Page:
Theresa May promises to step down as MPs set Brexit terms

Prime minister tells her Conservative MPs she will depart if Brexit passes

An anti Brexit campaigner holds a banner outside Parliament in London, Wednesday, March 27, 2019. British lawmakers were preparing to vote Wednesday on myriad options for leaving the European Union as they sought to end an impasse following the overwhelming defeat of the deal negotiated by Prime Minister Theresa May. (AP Photo/Kirsty Wigglesworth)
Powered by automated translation

Theresa May offered to step down as soon as the first phase of the Brexit process was complete with the passage of the withdrawal agreement before parliament.

Addressing Conservative MPs, Mrs May said that the she would not seek to lead Britain through the negotiations to establish a new relationship with Europe during the Brexit transition. The announcement marked a concession to backbench opposition to Mrs May's compromise with Brussels.

It came as the parliament wrested control over the Brexit process from the government and was debating a set of eight alternative proposals to break the impasse.  Parliament voted to seize control of the parliamentary timetable from the front bench government on Wednesday.

The unprecedented move by MPs means they were to try collectively to find a majority option through a series of indicative votes. Mrs May earlier maintained her government is not obliged to listen to MPs because they are not legally binding.

Of the 16 amendments proposed the eight selected include leaving the EU without a deal on April 12, a second referendum, revoking Brexit, remaining in a customs union with the bloc, a closer alignment with the EU compared to the current withdrawal agreement proposed and a transition to a no-deal Brexit.

Mrs May’s European Union withdrawal agreement has already been overwhelmingly rejected twice this year by parliament. She conceded on Wednesday that her final act would be pushing the agreement into law.

"I have heard very clearly the mood of the parliamentary party. I know there is a desire for a new approach – and new leadership – in the second phase of the Brexit negotiations – and I won’t stand in the way of that," she told the evening meeting.

“I know some people are worried that if you vote for the Withdrawal Agreement, I will take that as a mandate to rush on into phase two without the debate we need to have. I won’t – I hear what you are saying.

“But we need to get the deal through and deliver Brexit.

London gained a last minute extension to leaving the EU last week but the delay infuriated many Brexiteers who wanted to leave as scheduled on March 29.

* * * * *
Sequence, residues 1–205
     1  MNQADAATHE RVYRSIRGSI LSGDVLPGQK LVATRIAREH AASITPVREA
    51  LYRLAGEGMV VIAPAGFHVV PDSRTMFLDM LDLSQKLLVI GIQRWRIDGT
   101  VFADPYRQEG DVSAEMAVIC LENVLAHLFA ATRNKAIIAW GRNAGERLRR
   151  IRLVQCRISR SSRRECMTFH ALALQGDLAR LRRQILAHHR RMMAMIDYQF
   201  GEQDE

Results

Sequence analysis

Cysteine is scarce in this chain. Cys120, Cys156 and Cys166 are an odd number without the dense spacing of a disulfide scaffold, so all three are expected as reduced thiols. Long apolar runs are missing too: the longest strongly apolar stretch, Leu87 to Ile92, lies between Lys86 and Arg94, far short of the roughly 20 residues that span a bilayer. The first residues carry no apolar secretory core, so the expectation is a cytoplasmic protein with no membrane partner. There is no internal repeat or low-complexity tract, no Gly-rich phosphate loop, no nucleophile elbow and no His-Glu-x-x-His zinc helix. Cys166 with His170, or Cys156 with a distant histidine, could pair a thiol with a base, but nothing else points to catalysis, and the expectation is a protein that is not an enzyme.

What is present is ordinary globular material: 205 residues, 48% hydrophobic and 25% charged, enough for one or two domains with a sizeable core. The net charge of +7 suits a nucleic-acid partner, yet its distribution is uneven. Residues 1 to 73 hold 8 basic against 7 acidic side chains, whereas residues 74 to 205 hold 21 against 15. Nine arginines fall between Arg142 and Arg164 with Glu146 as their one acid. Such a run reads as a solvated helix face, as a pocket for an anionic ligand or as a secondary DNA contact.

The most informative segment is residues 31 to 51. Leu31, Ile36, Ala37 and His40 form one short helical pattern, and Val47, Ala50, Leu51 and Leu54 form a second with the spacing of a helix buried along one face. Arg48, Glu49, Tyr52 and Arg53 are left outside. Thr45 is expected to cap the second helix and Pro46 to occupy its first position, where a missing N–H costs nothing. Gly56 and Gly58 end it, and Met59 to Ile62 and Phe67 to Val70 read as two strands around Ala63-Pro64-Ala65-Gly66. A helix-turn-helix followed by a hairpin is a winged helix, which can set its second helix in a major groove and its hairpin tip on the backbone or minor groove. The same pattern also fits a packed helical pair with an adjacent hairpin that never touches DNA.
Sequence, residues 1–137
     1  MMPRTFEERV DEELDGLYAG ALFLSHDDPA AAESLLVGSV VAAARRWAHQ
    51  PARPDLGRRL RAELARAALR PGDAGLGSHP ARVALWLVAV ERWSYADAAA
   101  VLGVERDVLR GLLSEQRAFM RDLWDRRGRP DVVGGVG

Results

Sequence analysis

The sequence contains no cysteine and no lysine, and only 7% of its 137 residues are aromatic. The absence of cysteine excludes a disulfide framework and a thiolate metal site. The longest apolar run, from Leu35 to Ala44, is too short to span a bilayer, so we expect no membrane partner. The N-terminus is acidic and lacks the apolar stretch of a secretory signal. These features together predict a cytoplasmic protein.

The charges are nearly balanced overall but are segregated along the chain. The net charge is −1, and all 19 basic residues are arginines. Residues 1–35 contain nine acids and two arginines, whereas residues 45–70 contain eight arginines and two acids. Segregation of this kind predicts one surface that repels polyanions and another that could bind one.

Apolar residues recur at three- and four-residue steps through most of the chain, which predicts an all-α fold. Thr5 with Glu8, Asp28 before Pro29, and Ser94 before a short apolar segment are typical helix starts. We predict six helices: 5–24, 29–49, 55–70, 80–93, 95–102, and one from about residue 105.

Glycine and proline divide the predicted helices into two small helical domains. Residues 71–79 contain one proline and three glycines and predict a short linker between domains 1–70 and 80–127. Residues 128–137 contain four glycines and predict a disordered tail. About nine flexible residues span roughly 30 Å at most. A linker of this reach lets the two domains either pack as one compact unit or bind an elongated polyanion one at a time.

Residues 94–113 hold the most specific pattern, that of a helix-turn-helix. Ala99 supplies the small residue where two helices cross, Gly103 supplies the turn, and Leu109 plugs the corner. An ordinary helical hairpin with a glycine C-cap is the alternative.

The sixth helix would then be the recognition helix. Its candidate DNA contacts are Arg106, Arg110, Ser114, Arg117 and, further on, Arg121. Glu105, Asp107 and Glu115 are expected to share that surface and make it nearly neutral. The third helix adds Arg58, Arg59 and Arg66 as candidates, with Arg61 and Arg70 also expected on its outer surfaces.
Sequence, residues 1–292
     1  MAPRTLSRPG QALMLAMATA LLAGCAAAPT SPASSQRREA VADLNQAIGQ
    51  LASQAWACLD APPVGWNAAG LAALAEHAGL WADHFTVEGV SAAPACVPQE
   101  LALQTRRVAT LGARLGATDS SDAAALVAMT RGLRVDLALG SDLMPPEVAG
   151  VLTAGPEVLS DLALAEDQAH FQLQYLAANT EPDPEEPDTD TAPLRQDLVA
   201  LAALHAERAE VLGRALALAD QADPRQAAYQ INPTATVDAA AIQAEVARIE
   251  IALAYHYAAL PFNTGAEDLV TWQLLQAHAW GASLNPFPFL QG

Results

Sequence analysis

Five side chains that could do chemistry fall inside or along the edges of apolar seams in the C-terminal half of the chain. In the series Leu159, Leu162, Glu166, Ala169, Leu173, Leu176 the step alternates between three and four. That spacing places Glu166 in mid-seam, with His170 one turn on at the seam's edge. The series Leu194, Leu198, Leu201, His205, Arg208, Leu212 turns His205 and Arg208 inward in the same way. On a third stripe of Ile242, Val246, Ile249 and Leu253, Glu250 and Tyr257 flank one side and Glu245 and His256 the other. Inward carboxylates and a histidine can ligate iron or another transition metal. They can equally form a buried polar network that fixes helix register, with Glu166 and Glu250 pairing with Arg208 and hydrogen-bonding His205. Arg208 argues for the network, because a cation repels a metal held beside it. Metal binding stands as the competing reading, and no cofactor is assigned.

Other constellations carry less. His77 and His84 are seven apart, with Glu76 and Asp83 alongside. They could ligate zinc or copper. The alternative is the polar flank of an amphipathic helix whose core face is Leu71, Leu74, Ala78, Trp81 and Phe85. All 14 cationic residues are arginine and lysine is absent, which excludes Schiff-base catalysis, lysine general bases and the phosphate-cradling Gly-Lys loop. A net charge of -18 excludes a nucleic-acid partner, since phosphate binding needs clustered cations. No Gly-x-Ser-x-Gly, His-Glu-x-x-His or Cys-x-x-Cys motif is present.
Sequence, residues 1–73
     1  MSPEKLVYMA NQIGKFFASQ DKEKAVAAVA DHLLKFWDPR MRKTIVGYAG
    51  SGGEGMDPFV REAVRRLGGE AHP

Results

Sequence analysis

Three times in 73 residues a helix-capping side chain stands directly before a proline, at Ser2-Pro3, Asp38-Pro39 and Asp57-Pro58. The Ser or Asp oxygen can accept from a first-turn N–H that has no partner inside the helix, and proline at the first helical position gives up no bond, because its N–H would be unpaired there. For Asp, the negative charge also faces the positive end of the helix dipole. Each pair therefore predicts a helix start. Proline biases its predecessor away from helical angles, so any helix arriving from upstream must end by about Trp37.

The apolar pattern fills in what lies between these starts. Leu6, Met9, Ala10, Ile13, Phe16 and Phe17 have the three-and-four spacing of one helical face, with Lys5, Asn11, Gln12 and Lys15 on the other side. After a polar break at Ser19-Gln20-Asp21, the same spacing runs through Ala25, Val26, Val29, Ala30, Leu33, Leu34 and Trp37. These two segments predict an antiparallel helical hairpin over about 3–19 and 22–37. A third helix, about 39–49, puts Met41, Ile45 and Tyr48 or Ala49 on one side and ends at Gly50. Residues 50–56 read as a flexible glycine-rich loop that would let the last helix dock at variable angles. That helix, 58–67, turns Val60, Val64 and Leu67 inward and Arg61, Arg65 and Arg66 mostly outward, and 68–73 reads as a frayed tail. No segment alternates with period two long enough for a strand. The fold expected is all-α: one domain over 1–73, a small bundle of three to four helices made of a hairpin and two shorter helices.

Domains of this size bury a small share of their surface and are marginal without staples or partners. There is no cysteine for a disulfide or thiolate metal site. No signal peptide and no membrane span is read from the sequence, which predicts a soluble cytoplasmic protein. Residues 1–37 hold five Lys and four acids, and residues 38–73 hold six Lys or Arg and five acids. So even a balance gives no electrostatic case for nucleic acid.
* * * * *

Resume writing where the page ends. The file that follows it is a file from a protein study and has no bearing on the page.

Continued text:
Britain will depart the EU on May 22 as long as the withdrawal plan on offer gains a majority in parliament by April 12. If not, it must advise the bloc on the way forward it plans to take.

The embattled Prime Minister is desperately trying to convince rebel members of her Conservative Party to back her Brexit plan. She is set to meet with hardline Eurosceptics late on Wednesday with reports suggesting many could support Mrs May’s deal as long as she resigns soon after.

Brexit figurehead Jacob Rees-Mogg appeared to say he could remarkably vote for the withdrawal plan on offer, fearful that Britain might never leave the EU otherwise.

Shortly before the indicative votes began on Wednesday evening, the SUP declared it would not support Mrs May's deal at another meaningful vote.

Northern Ireland’s Democratic Unionist Party, who the government is in a confidence and supply agreement with, are likely to support an amendment supporting a ‘hard Brexit’. This would avoid the controversial Irish backstop, the insurance policy to ensure a friction-less border on the island of Ireland. The DUP fear they could be effectively locked in the EU indefinitely if there are not legally binding backstop changes.

Some Conservative Brexiteers have said they would reject Mrs May’s plan if the DUP did not back it. There have been reports the latter could support a lengthy Brexit delay, potentially as long as a year, so frustrated are they by the deal on offer.

Pushed by opposition leader Jeremy Corbyn in parliament on Wednesday, Mrs May did not offer backing of a Plan B. Mr Corbyn wants a deal that keeps Britain in the customs union.

Mr Corbyn slammed Mrs May's pledge to resign, accusing her of acting in the interests of her party, not the nation.

Meanwhile EU chief Donald Tusk urged the European parliament to remember and “not betray” the more than six million people who signed a petition calling for a Brexit overturn, and the one million who marched through London in support of it.

"They may feel they are not sufficiently represented by the UK Parliament, but they must feel that they are represented by you in this chamber -- because they are Europeans,” he told MEPs.